Skinner ignored him. He moved to the late knight and shook him in hopes of rousing him. "Wake up. Come on you…" he muttered. It soon dawned on him that he was indeed dead and his mumblings were soon lost in a wave of cursing and shouting as he unleashed all of his furry on the dead man. They had been so close to victory, only to have it yanked away by the icy hand of death.

The sound of an approaching horse drew the young man's attention from Skinner's tantrum. It was a man, the herald for the nobles running the tournament. "Jekyll," the young man muttered, turning his friend's attention away from the fit of temper that was Skinner to the approaching horseman.

"Hey, squire. Sir Quatermain must report at once or forfeit," the man declared, haughtily looking down at the two over his nose. He had far better things to do with his time than associate with lowly peasants.

"Oh, he's…" Jekyll began, meaning to announce their knight master's untimely demise, but his friend stopped him.

"He's on his way," he said, smiling broadly. He'd gotten an idea that, if it worked, would at least grant them all a full stomach.

The horseman gave a short glance at Skinner, who was still trying to kick the deceased knight into life. His curiosity roused for just a moment, but he quickly dismissed it as some sort of obscure peasant ritual and urged his horse back toward the tournament.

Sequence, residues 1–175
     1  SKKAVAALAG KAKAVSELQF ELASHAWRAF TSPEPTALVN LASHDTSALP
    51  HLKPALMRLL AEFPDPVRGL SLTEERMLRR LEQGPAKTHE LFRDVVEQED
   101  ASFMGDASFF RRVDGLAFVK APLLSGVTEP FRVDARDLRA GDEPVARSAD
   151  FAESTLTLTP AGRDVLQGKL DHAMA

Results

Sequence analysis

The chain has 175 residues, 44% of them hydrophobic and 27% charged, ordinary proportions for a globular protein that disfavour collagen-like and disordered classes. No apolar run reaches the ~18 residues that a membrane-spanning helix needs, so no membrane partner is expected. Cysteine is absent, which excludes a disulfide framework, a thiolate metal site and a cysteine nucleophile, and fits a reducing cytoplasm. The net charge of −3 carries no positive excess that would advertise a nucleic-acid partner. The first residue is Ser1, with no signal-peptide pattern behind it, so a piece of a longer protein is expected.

When he was certain the man had gone, the young man sad, "I'm riding in his place." Ignoring the look Jekyll was giving him, he went to his temperamental friend – Skinner was bound and determined to beat the life back into the late Sir Quatermain. "Strip his armor, I'm riding in his place." Skinner ignored him. "Stop kicking him! Calm down! I'm riding in his place!" After being yanked out of kicking range, Skinner just stared in disbelief at his young friend.

"What's your name Tom?" Jekyll said, hands on his hips, staring at the young man disapprovingly. Tom ignored him. "I'm asking you, Thomas Sawyer, to answer me with your name. It's not Sir Thomas, or Count or Duke or Earl Thomas, and it certainly isn't King Thomas."

"I'm aware of that," Tom said shortly. The fact that he wasn't a noble had been rubbed in his face his entire life and he didn't neither need nor want to be hearing it now.

Jekyll sighed. "You have to be of noble birth to compete!"

"A detail," Tom said, sliding a piece of armor onto his arm. "The landscape is food. Do you want to eat or don't you?"

Yes, Jekyll wanted to eat, but seeing Tom imprisoned or, even worse, killed hardly seemed worth it. "If the nobles find out who you are, there'll be the devil to pay."

Tom smiled mischievously. "Then pray that they don't."

A/N: Ok, I know some of you are probably thinking "Why did Quatermain have to be the one to die?!?" Because it fit. Allow me to explain: Sir Ector teaches William what he knows, much like Quatermain teaches Sawyer. Also, when Quatermain dies, he basically tells Sawyer the now it's his turn to create a legacy, the same thing kinda happens with Sir Ector and William, though it's not said out loud. Do you get my logic? Ok, let me know if I should continue this. In the meantime, I'm going to be watching A Knight's Tale over and over and over and over again…